Fibroids are benign masses made up of uterine muscle tissue. They may be located inside the uterine cavity, within the uterin muscle or or grow from outer walls of the uterus. They may be in various sizes and shapes. There may be one or more fibroids in the uterus. They may grow slowly, fast or stay the same in size.
They are commonly found in females aged 30-40 years.
Submucous: Fibroids growing inside the uterine cavity
Intramural: Fibroids growing within the uterine walls
Subserous: Fibroids growing out from uterus,sometimes they be connected to the uterus with a stalk.
Most fibroids stay aymptomatic and they can be found incidentally on ultrasound. Others may cause:
Some complications may be expected in patients having fibroids such as:
When a subserous fibroid is connected to the outer uterine wall with a stalk, it may be twisted around the stalk, causing severe pain, nausea and fever, this is called fibroid torsion. Fast growing fibroids or fibroid degeneration may also cause pain. Sarcomatous changes may start within a fibroid very rarely. Some fibroids may cause infertility due to their location.
Genetic reasons: Fibroid cells may have different genetic composition than normal uterine muscle cells. Therefore it is hypothesized that there is a familial genetic tendency to have fibroids.
Hormones: Female hormones estrogten and progestin increase fibroid growth rate. Because fibroids have more receptors for these two hormones than normal uterine muscle cells. Therefore fibroids tend to grow fast during pregnancy due to increased hormones and they decrease in size during menopause.
Growth factors: Insulin like growth factor may cause fibroids to grow.
Extracellular matrix: It is increased in fibroids and is rich in growth factors which may play a role in fibroid growth.
Fibroids may be originating from a s*tem c*ell found in uterine muscle and may be growing due to uncontrolled cellular mitosis due to above factors.
Several risk factors have been defined in patients having fibroids.
Most fibroids are benign. Less than one per thousand fibroids may undergo sarcomatous degeneration and turn into leiomyosarcoma.
The differenciation of sarcoma from a benign fibroid can only be possible by pathological examination after fibroid removal.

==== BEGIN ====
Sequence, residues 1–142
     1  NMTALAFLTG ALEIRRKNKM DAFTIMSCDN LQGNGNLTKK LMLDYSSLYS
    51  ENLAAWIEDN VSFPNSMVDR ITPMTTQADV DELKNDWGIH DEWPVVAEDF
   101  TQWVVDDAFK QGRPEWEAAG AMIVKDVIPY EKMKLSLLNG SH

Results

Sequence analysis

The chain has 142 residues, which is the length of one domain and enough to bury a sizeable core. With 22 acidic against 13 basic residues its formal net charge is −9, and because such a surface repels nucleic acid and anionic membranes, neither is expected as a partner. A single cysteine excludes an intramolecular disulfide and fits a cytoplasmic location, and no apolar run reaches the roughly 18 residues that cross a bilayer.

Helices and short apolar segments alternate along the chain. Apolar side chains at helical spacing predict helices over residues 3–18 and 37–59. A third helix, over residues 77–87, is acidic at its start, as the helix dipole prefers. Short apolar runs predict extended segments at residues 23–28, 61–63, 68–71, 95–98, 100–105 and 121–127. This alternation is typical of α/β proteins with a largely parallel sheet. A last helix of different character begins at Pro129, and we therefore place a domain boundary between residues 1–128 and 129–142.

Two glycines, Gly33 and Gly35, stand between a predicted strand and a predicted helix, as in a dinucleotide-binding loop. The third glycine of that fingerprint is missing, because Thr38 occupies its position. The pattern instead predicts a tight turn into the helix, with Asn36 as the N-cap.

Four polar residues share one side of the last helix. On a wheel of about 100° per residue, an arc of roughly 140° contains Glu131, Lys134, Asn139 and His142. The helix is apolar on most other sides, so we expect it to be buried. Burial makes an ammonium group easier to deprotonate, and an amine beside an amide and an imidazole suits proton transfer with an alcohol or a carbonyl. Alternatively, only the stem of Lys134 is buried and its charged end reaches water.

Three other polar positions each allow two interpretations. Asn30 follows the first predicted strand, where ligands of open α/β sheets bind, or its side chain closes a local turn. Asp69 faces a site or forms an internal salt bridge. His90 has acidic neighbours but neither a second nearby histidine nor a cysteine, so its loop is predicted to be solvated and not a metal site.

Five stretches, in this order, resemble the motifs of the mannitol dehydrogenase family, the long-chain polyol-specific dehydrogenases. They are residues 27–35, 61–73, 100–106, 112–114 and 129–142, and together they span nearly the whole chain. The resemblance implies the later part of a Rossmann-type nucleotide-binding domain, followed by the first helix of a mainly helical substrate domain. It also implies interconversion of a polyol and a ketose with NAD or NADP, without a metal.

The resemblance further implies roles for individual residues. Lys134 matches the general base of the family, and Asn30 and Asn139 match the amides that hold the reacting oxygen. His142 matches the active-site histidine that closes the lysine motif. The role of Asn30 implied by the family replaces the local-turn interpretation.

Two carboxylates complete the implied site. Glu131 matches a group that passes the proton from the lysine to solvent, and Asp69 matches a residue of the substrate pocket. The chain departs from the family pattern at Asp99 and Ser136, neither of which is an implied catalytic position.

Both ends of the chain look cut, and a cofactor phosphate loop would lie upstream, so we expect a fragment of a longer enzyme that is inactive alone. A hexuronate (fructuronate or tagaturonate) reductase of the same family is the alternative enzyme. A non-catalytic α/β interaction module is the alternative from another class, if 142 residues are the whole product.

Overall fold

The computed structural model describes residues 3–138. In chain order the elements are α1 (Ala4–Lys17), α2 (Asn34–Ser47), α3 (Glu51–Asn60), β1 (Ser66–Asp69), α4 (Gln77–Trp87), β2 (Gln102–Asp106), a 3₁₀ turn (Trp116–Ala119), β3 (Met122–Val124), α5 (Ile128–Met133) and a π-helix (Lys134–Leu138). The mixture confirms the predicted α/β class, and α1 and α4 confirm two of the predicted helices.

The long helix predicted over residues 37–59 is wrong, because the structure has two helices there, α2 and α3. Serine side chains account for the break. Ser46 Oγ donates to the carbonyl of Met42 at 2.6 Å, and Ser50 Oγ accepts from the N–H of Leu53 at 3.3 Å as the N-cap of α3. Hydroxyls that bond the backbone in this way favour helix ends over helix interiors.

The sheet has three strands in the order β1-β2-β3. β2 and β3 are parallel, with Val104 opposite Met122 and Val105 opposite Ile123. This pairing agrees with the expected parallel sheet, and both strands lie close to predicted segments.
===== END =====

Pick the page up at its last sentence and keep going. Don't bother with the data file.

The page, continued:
Some fibroids may grow fast when left untreated and may cause pressure on surrounding organs such as colon and bladder. This may lead to symptoms such as constipation or frequent micturition.
They may also cause pain due to distention or may go under degeneration due to decreased blood supply.
Some asymptomatic fibroids do not need any treatment at all, they just need to be followed up. Other fibroids may be treated by alternative methods to surgery.
Some fibroids may decrease in size or disappear after menopause or child birth due to decreased hormone levels.
Most fibroids do not cause infertility. But some submucous fibroids may cause infertility or recurrent pregnancy loss.
Fibroids tend to grow during pregnancy due to increased hormones. They may also undergo some cellular changes during pregnancy called the red degeneration.
They may also cause:
Since most fibroids get smaller after birth and there is a high risk of bleeding during C-section, not all fibroids need to be removed during a C-section.
They can be diagnosed by various methods:
Most fibroids do not need treatment. But when the following findings are present,they may need to be treated:
Symptoms of fibroids may be treated by certain medications:
Oral contraceptives: may decrease heavy bleeding and menstrual pain
Gn RH agonists: They cause transient cessation of menses. They are indicated in some cases to decrease fibroids in size before surgery to decrease bleeding. They cause menopausal side effects and fibroids grow back once the medication is stopped.
Progestin Intrauterindevice: May decrease heavy bleeding and menstrual pain.
There are mainly two types of surgery for fibroids:
Type of surgery depends on patient’s age and willingness to become pregnant.
Hysteroscopic myomectomy: It is preferred for submucous fibroids. A camera and instruments can be inserted through the natural cervical opening and the fibroid can be removed in pieces through the cervix. Since no surgical incisions are necessary, most patients can be discharged on the same day after surgery.
Laparoscopic myomectomy: For intramural or subserous fibroids, a camera can be inserted through an umbilical incision, other 0.5-1 cm incisions on the abdominal wall can be made for instruments, and fibroid can be divided into small pieces by morcellation to be removed throught the small incisions.
Laparatomic myomectomy: Fibroids can be removed through an incision made in the lower abdomen similar to a C-section. It may be preferrred when there are adhesions in the abdomen, the fibroids are big and multiple in size.
Uterine Artery Embolisation:
It is an interventional radiology procedure. A special agent can be injected into the uterine artery by an angiography procedure to block the blood supply to the fibroid.
It is not recommended for patients who plan to get pregnant in the future. It is preferred for patients with heavy bleeding and pain and are not suitable for surgery.